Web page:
continuation of adaptive management and monitoring
“This is a very exciting project for the Lynnhaven River, because we are targeting restoration of multiple species and multiple habitats. The goal of this holistic approach is to improve the overall environmental quality of the ecosystem and create self-sustaining habitats, allowing for future improvements to occur naturally,” stated Susan Layton, Norfolk District chief of planning .
The project is a combined push by multiple entities: Norfolk District, U.S. Army Corps of Engineers; city of Virginia Beach; Virginia Institute of Marine Science and the Chesapeake Bay Foundation, which is scheduled to install a single-row of small fringe reef structures for protection and wave attenuation.
These indigenous sea plants, although a critical part of the coastal ecosystem, have decreased steadily over the last 35 years, according to VIMS.
Per the Chesapeake Bay Program, SAV “provides food and habitat to wildlife, adds oxygen to the water and traps sediment and nutrient pollution.” Additionally, underwater grasses help reduce shoreline erosion. But for SAV to perform its environmental stewardship, it requires certain conditions to be in place.
According to the Virginia Department of Environmental Quality, factors such as temperature, light penetration, water depth, currents and bottom sediment directly impact SAV distribution. To maximize the probability of the seagrass’ success, the district reached out to experts in the field.
The Virginia Institute of Marine Science partnered with the district to spearhead collection and transplant operations.
VIMS, the marine science graduate school for William & Mary, is serving as technical expert due to its experience in seagrass restoration. In 1978, VIMS researchers began investigating techniques for reintroducing eelgrass to areas where it had been eliminated.
Program director Robert Orth said underwater grasses are used as a barometer of Bay health because their growth depends so much on clear, sunlit water. “They’re a ‘canary in the coal mine’ for the Bay,” he added.
VIMS successfully harvested enough widgeon grass and eelgrass seed to conduct a pilot planting this year to inform future SAV restoration efforts in Phase 2 of the project. If successful, a portion of the seeds will be slated for transplant next year adjacent to First Landing State Park.
In addition to the planting, VIMS established a water-monitoring station within the area of the newly planted seeds.
Although the Army Corps of Engineers planned this project to improve the quantity and quality of multiple types of habitat, another benefit of the project will be improved water quality. The Environmental Protection Agency set pollution limits a decade ago that would restore water quality in local rivers, streams and the Chesapeake Bay by 2025.
The Lynnhaven River is targeted for large-scale restoration as part of the 2014 Chesapeake Bay Watershed Agreement. “SAV restoration and improved water quality could assist the Lynnhaven tributary in reaching its established Chesapeake Bay goals and objectives for 2025”, said Kim Koelsch, Norfolk District project manager. Federal, state, local agencies, as well as non-profit organizations, such as Lynnhaven River Now and CBF are collaboratively working to help the Lynnhaven River achieve these goals for the benefit of citizens who enjoy the river.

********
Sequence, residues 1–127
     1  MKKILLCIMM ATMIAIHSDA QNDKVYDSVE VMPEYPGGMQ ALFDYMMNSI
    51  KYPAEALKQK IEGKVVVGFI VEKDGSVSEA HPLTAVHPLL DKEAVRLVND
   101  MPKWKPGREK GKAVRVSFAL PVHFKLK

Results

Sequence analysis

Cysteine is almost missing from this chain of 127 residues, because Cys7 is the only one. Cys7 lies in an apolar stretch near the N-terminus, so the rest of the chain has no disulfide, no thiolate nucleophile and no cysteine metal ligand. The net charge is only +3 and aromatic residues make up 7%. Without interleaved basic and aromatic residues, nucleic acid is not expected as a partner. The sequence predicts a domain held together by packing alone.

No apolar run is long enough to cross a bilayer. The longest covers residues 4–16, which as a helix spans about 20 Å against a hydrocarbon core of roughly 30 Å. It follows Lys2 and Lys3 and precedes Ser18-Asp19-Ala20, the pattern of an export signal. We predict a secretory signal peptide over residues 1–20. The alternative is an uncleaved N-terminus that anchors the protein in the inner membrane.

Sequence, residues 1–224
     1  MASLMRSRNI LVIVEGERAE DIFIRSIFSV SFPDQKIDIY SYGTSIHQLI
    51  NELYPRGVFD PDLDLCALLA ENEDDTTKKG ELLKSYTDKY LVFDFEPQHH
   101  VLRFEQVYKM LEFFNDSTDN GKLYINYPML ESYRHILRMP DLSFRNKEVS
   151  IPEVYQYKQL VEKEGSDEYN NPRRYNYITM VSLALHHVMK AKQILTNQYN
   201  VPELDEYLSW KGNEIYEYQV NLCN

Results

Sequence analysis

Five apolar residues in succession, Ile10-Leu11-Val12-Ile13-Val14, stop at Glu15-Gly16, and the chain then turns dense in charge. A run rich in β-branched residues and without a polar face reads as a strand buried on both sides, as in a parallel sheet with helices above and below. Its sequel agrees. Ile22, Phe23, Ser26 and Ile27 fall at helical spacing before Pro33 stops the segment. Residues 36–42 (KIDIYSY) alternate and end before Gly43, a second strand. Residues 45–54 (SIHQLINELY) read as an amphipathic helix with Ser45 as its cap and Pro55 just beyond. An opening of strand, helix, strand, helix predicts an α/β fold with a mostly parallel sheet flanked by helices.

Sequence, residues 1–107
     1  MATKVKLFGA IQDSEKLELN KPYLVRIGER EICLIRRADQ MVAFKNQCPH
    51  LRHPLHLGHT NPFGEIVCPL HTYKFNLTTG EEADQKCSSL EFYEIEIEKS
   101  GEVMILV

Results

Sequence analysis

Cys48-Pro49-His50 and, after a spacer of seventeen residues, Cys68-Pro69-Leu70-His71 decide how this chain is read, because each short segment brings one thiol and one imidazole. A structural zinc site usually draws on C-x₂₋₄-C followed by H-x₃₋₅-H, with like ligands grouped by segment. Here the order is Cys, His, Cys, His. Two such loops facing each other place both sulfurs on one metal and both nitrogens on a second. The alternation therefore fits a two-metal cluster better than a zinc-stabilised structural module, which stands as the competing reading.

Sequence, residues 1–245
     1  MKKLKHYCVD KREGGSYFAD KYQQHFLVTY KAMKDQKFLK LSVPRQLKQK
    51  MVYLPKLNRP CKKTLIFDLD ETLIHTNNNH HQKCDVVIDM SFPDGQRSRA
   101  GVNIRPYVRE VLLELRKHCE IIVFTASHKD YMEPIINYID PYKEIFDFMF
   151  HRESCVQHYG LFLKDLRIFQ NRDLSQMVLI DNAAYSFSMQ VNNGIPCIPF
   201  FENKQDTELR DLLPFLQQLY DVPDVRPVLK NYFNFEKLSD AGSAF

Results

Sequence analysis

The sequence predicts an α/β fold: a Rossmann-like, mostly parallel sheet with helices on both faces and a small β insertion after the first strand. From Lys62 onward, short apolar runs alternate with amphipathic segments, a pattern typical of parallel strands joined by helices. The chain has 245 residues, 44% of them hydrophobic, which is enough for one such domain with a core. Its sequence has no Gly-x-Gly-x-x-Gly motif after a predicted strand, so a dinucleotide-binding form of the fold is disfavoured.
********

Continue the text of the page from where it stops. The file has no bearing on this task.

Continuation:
Virginia joined six states and the District of Columbia to formulate the Chesapeake Bay Clean Water Blueprint. This document outlines the limits, plans, milestones and consequences for the seven partner states.
As laid out in Executive Order 13508 -- Chesapeake Bay Protection and Restoration, and again in the 2014 Chesapeake Bay Agreement, the Lynnhaven River is designated as a “priority” tributary and has been identified as one of 10 tributaries to be restored by the year 2025.
This project addresses the agreement’s five critical goals:
• Abundant Life - Ensure sustainable populations of finfish, shellfish, and other living creatures; the restoration of habitats where those creatures live and feed; and a balanced ecosystem network.
• Clean Water - Reduce nutrient pollution to achieve water quality that can support aquatic life; free the bay and its tributaries from the effects of toxic pollution, not just nutrients; and sustain healthy sub-watersheds.
• Climate Change - Increase the resiliency of the bay and tributaries to withstand changing weather and the impacts it will bring.
• Conserved Lands - Conserve working forests, farms, maritime communities and lands with cultural and other values.
• Engaged Communities - Increase public involvement in bay stewardship; expand public access to the bay; enable environmentally literate students to graduate from high school.
The U.S. Army Corps of Engineers began planning in 2005 and presented the project to the City of Virginia Beach in 2009. A feasibility report and environmental assessment was completed in 2013. In 2016, leases were obtained by the city as potential sites were identified. Public meetings have been conducted throughout the 15 years of the project timeline including most recently in 2018 and 2019.
The Norfolk District has placed signage informing boaters to avoid the small fringe reef, as well as indicating access points. They do not anticipate restricting usage of the area but want to inform residents of the reef and the SAV efforts at the site